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An Anger That Got Her In Trouble - A Short Story

Updated on November 2, 2014

The Friday promised to be a good one. It was the final work day for a co-worker despised by the staff.

It was unclear why the woman was back working at the very small newspaper office. She had quit because she was diagnosed with cancer and was just exhausted. It had been understood and she was wished well and for a speedy recovery. However, she told many people in the community that she had been forced out by the management, because she had cancer. A complete lie.

It was unclear how she actually got the job back and what she would be doing.

The entire three months she was back after quitting was miserable for everyone. She insisted on telling anyone that listened that she had cancer, that she had been forced out, but got her job back, and could often be seen at the desk fiddling with money she had to get to the bank each day by a certain time. This was a job she never completed until past the bank's closing time and would have to deposit the next day.

Earlier in the week, it was learned that the employee hadn't been keeping up with some very important documentation for the paper. She had told management that she would get that done in a snap and was asked to complete it by her work day. She actually had no idea what she was suppose to do and told management she would do it, all while sitting at her table ... fumbling with change.

Emma was fed up and knew that whoever was coming in next week would be stuck with a task they would definitely had no idea how to fix. It didn't seem fair to put a new employee in that situation.

The past three months had been completely draining for Emma. She was doing her job, which consisted of five separate positions at her previous newspaper job including reporter, sports reporter, photographer, page designer and delivery. Plus, she was a graduate student at the local college. Her days were often long and stressful. She rarely had anytime to breathe or relax.All of this while dealing with the drama from her disgruntled co-worker.

During several occasions those three months, management would call Emma and other co-workers to find out what was going on with the troubled co-worker. Emma was quite honest regarding everything that was going on at the paper, detailing all the significant events.

That Friday, she called management to let them know that the co-worker was not going to complete the required task before she left. Emma told exactly what had been going on. Emma was out taking photos and delivering magazines to a customer.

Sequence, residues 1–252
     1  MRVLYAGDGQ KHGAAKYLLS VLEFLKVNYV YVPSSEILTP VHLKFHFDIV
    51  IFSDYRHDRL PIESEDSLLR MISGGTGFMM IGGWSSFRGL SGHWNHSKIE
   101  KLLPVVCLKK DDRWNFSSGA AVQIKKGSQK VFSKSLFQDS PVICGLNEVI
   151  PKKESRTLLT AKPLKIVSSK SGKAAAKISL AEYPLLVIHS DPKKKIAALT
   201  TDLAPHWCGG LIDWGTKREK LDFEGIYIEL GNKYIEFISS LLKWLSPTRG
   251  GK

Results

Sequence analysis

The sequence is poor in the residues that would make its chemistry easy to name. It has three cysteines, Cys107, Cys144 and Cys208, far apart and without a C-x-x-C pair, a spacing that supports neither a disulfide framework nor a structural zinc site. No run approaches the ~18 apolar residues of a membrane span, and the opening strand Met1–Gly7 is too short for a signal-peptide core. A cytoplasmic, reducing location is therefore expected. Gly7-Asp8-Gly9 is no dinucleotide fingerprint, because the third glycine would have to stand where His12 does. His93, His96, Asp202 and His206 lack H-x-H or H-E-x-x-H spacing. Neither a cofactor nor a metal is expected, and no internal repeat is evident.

Emma picked up lunch and went back to the paper, hoping the co-worker was actually doing her job and was at the bank. Not so much. Emma arrived to a co-worker more angry than her usual angry self.

One minute she was flipping through newspapers and throwing them around. The next she was fiddling with change. The whole time, she was yelling at Emma for calling management about her. She said she was going to do it and Emma reminded her that she had zero intention of doing it and that she had been bragging about it for two days.

She yelled that Emma, a daughter of a cancer survivor, didn't like her because she had cancer. Emma let her know that she was being ridiculous. The yelling continued about everything Emma had talked to management about, as if management told her word for word what she said. The co-worker even eluded to that.

It upset Emma to know that her bosses would ask her about what was going on in confidence but would go and tell everything she said. It wasn't right. Right?

Emma took her lunch and left, waiting for the co-worker to leave, so she could finish her work for the afternoon.

The entire time she was out Emma became increasingly more upset by the situation. She was shaking and crying. Once she composed herself and got back to the office, she was there by herself.

She called one of her bosses to tell him about what happened that afternoon. He was shocked and apologized that it had happened to her. He insisted that his wife, his co-manager, did not tell the disgruntled co-worker what Emma had said and said that maybe she had hacked her computer or was listening in on her phone calls. Emma knew this was ridiculous. The co-worker couldn't operate her own computer enough to check her own email and the phone hacking was just not possible.